Cats are usually private creatures and excel at hiding pain, illness, and discomfort, but when they lose their appetite, it’s a sign that something is wrong. If you notice that your cat has suddenly lost her desire to eat or is vomiting everything she eats, immediately take her to the veterinarian. Your vet may run tests and may also ask you to assist in feeding your cat until she gets better and resumes eating on her own.
In this Waldo’s Friends blog post, you’ll learn:
- When and why your cat needs assistance in eating/drinking
- What you need to syringe feed a cat
- How to syringe feed your cat
When and why your cat needs assistance in eating/drinking
There are many possible reasons why your cat isn’t eating. Some common reasons include illnesses such as gastrointestinal upset, urinary complications, upper respiratory infections, kidney disease, liver disease, and diabetes. Cats experiencing dental pain or recovering from injuries may also lose their appetite. Other times, stress, anxiety, and psychological reasons can trigger your cat’s appetite loss. Orphaned kittens also need milk, which can be fed to them through a nursing bottle or a syringe.
When your cat stops eating by herself, you’ll need to find ways to help her out—even if it means feeding her through a syringe. This involves pureeing your cat’s food, placing it in a syringe, and gently transferring it into her mouth. Assist feeding your cat will help her meet her daily nutritional needs, stay hydrated, and allow her to take her medicine with the least amount of effort.
What you need to syringe feed a cat
Here are the tools you need to assist feed your cat:
It’s important to note that feeding syringes are not the same as regular syringes. Compared to regular syringes used for vaccines, feeding syringes have larger and longer endings. If you cannot find feeding syringes in your pharmacy, an alternative tool would be curved tip syringes. You can easily cut off their ends and use them like feeding syringes.
TIP: Load the food by either sucking it up via the syringe’s plunger or removing the back plunger and placing the food in the syringe with a small butter knife.
Consult with your vet regarding the best food to serve your cat through a syringe. Based on your cat’s weight, you’ll need to figure out how many calories she needs to consume in a day. Aside from figuring out the number of calories, you need to break down the total into smaller feeding times depending on the number of times she eats in a day. Put a cap of 25 ml per meal.
Use a blender or food processor to puree your cat’s food, and add a bit of water (about 25% of the food). Strain it before placing the pureed cat food in syringes. Rather than serving it cold, warm the food to body temperature to make it more appealing for your cat.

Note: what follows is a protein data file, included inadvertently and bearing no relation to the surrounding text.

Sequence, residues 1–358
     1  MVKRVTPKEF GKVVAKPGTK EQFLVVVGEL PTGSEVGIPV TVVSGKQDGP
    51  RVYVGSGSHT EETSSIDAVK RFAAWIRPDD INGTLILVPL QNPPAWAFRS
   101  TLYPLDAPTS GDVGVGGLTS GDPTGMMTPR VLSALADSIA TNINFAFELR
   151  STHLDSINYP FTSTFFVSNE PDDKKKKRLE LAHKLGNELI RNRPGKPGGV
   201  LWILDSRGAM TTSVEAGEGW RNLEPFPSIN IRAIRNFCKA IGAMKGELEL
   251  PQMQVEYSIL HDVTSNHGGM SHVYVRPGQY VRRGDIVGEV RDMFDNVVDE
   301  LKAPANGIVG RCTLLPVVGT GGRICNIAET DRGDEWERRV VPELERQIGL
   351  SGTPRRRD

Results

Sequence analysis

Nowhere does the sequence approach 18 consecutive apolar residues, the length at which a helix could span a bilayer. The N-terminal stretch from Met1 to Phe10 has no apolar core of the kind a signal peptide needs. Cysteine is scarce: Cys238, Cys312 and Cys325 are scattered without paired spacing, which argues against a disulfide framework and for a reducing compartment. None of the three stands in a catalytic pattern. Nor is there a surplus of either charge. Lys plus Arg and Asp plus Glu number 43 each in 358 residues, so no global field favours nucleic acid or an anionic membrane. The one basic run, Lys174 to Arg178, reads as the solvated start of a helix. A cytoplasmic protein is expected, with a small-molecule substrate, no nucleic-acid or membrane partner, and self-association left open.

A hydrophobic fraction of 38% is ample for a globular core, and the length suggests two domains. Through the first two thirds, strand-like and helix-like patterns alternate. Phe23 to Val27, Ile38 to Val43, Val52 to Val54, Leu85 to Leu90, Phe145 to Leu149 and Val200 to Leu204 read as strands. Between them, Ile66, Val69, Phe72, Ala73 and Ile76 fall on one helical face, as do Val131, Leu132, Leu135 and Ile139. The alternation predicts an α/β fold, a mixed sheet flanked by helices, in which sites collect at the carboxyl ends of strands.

FelineDM notes that some cats who are syringe fed “develop aversion to the food used in this process.” They advise cat parents not to use their cat’s favourite food during assist feeding.
Cloth and paper towels
Wrap your cat in a cloth towel (like a burrito!) to keep her secure throughout the feeding process. This way, you can control her movement and keep yourself protected from her claws. Plus, the liquid will go to the towel instead of on her fur. Paper towels can also help in cleaning up messes. If you have a baby bib at home, you can also place that around your cat’s neck to keep her clean.
TIP: Syringe feed your cat in the bathroom. The space is cosy, enclosed, and easy to clean.
How to syringe feed your cat
Now that you’ve prepared all the materials and figured out how much food to give your cat in one sitting, it’s time to feed her through a syringe. Do so by following these steps:
1 Prepare the filled syringes.
Warm the syringes by placing them in a mug filled with hot water for about 5 minutes. If you have limited syringes available, have the pureed food ready beside you in a bowl or cup.
2 Wrap your cat in a towel and make her comfortable.
Place the towel around her neck and drape it over her front paws. Use your non-dominant hand to keep her steady throughout the feeding.
3 Feed your cat slowly but surely.
With your dominant hand, position the syringe on the side or back corner of your cat’s mouth. Slowly push about 1 ml of food into her mouth until you both get the hang of it. Feed her slowly, and observe her reactions. Adjust the amount of puree you transfer into her mouth as needed. A feeding session may take 5 to 15 minutes depending on how receptive your cat is to the process.
Seek your vet’s advice about the kind of food you can puree for your cat and how much liquified food you can give in one sitting. Never force solids, liquids, or medication down the throat of an unconscious cat as well as one that has difficulty swallowing.
If your cat cannot hold down her food or has refused to eat for over 24 hours, seek help from her doctor immediately. The vet may perform physical checks, tests, X-rays, or ultrasounds to determine the cause of the problem.